In 1964, movie posters for Jacques Cousteau’s bold underwater film, World Without Sun, urged filmgoers to come see "Earth’s first ‘Oceanauts.’"
Now, nearly 40 years later, a new generation of "oceanauts" led by Jean-Michel Cousteau will embark on an extraordinary documentary filmmaking expedition of adventure and discovery to the most remote islands on the planet in "Voyage to Kure."
The six-week adventure, being filmed for public television, marks a renewal of the Cousteau legend as award-winning ocean filmmaker Jean-Michel Cousteau takes his Ocean Futures Society team on a quest to explore wildlife and Polynesian culture along the vast, 1,200-mile chain of ecosystems called the Northwestern Hawaiian Islands that end on the remote island of Kure. The 22-member crew, many of whom grew up watching the famed television specials The Undersea World of Jacques Cousteau, will also include many veterans of Cousteau documentaries by Jean-Michel and his late father.
"This will be an exciting and innovative expedition in the Cousteau tradition of showing the interconnectedness of all species on and around these remarkable islands, and the Polynesian culture which has been so important to life in the Pacific,” Cousteau said. "It will also document how valiant efforts to save these pristine islands from human destruction have helped restore some of the last wild places on Earth."
Cousteau, the recipient of numerous filmmaking awards including the Emmy, the Peabody and the 7 d’Or, said this latest expedition is among his most exciting.
"We are beginning an adventure reminiscent of my family’s legacy," he said. "We have new, young team members, both men and women, with advanced training and mentored by original Calypso leaders."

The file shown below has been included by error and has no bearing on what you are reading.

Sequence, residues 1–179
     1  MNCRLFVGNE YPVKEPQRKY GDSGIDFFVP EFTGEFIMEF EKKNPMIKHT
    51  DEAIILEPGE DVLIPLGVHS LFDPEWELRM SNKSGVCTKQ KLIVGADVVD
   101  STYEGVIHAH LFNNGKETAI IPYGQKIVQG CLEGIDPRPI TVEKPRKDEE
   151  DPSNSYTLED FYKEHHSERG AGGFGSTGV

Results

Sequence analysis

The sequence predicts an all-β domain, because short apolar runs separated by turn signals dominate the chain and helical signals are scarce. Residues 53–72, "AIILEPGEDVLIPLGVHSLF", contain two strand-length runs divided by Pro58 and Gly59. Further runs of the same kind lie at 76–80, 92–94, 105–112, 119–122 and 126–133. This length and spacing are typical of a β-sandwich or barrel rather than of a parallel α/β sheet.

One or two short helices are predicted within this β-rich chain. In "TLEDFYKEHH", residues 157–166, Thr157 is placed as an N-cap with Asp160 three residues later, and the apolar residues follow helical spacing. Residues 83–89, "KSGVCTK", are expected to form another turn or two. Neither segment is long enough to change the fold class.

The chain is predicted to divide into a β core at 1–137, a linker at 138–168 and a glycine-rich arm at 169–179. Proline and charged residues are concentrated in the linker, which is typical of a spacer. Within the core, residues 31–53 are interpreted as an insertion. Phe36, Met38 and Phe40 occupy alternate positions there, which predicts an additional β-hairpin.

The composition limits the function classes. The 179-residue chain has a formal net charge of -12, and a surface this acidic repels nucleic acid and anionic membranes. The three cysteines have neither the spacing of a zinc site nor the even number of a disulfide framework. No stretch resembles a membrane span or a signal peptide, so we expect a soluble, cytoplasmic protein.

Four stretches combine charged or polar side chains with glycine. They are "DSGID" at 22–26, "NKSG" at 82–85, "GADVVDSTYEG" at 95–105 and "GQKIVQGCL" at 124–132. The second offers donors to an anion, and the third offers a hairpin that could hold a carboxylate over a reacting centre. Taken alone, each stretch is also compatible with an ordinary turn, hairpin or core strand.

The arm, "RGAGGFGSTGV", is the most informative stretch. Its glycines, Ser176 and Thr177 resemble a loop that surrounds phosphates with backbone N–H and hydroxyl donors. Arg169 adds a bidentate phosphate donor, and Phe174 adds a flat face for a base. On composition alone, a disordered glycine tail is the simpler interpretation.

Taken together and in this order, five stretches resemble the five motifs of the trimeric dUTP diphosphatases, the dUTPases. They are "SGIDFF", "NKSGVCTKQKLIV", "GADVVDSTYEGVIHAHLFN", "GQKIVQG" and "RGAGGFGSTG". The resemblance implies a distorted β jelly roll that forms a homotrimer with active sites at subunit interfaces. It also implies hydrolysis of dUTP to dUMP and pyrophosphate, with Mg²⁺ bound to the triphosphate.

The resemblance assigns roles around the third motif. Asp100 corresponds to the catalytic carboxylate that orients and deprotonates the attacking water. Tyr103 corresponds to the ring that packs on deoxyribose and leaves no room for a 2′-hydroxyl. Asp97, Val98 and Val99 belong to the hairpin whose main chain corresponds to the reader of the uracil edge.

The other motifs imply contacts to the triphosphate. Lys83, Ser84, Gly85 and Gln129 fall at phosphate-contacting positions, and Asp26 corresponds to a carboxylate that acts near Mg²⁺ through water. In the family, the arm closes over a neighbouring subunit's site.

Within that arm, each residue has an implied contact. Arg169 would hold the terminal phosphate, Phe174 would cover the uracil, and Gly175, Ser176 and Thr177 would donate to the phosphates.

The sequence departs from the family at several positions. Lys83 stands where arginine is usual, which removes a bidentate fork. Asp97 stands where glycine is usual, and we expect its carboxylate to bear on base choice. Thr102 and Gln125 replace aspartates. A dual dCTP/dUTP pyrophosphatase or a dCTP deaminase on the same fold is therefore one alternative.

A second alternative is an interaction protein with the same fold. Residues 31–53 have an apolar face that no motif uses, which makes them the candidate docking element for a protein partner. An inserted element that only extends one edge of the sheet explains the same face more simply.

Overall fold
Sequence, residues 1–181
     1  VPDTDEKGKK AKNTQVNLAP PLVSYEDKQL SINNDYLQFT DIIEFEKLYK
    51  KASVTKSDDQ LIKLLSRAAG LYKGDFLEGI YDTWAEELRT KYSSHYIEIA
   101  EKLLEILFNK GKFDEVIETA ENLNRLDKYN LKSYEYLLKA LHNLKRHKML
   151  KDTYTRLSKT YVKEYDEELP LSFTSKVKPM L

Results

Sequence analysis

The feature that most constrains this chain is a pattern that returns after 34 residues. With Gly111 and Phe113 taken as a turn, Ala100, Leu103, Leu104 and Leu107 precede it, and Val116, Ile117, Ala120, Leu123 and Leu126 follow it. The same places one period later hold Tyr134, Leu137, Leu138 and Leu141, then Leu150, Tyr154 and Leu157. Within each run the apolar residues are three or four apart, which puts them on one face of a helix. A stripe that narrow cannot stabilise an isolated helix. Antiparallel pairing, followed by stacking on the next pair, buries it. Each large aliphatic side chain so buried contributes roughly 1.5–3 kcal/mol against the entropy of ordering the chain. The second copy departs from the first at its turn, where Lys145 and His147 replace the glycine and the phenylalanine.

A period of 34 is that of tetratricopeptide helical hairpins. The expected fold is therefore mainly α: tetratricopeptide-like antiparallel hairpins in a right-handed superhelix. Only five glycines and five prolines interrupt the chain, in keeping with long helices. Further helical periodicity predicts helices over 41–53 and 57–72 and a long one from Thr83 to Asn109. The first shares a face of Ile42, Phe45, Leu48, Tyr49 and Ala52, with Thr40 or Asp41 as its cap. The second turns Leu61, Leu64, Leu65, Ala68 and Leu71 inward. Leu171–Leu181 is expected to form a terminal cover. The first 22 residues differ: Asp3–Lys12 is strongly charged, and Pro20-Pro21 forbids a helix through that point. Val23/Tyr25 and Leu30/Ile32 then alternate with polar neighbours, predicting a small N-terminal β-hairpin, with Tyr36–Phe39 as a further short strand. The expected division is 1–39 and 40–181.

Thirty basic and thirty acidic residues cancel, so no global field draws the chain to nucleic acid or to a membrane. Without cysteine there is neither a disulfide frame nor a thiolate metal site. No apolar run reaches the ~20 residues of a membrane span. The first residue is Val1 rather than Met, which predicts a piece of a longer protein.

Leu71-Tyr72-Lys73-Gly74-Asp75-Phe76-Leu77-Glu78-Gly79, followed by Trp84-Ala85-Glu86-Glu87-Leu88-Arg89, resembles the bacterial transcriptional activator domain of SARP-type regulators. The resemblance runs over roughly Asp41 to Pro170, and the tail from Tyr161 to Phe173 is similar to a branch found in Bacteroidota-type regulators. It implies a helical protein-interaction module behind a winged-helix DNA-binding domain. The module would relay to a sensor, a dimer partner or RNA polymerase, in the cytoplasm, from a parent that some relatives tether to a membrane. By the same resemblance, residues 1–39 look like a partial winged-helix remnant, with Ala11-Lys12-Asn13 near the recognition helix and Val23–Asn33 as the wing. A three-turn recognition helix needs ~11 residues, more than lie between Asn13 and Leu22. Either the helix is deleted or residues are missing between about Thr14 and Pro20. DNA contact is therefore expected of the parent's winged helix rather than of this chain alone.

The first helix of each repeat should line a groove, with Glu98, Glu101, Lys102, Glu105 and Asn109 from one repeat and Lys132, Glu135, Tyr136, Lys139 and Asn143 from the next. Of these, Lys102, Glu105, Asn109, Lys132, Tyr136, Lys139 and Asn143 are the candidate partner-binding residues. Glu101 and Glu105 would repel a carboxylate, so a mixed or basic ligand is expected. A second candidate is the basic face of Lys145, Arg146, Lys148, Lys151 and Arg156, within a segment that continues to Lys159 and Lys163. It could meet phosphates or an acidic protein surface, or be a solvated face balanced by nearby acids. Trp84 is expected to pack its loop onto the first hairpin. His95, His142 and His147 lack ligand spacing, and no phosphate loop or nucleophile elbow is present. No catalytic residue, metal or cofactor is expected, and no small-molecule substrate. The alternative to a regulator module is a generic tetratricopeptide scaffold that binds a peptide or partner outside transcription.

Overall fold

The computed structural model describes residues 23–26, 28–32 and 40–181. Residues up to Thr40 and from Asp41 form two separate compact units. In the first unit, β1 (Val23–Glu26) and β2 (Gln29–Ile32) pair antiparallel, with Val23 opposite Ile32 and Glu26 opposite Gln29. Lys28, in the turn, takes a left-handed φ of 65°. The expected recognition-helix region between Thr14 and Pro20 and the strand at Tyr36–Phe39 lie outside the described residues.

During the Kure adventure, people around the world will be able follow the expedition logs, see images from the exploration, send questions and comments to the crew and learn about these exotic ecosystems by viewing a special section of the Ocean Futures Society website at www.oceanfutures.org. Membership in Ocean Futures Society is free to all.
Cousteau and the OFS crew, aboard the vessel Searcher, will use new technology, for both filmmaking and diving, that will advance the standards of documentary excellence. The latest equipment in high-definition video, lighting, navigation, satellite imagery, and even "rebreather" apparatus, which allows divers to stay underwater for longer periods of time will be used in Voyage to Kure.
Voyage to Kure will also be a unique documentary because it will chronicle a parallel expedition by Nainoa Thompson, a native Polynesian, who will sail Hokule`a, a replica of an ancient Polynesian voyaging canoe. Thompson will navigate by "wayfinding," using the ocean currents, the wind, the stars, the sun, cloud formations and birds to guide him. Thompson’s voyage will raise awareness of the declining conditions of the coral reefs in the main Hawaiian Islands. Hokule`a’s mission is to restore an ancient wisdom, the Hawaiian concept of malama – of caring for our land and sea to ensure a balance among all forms of life.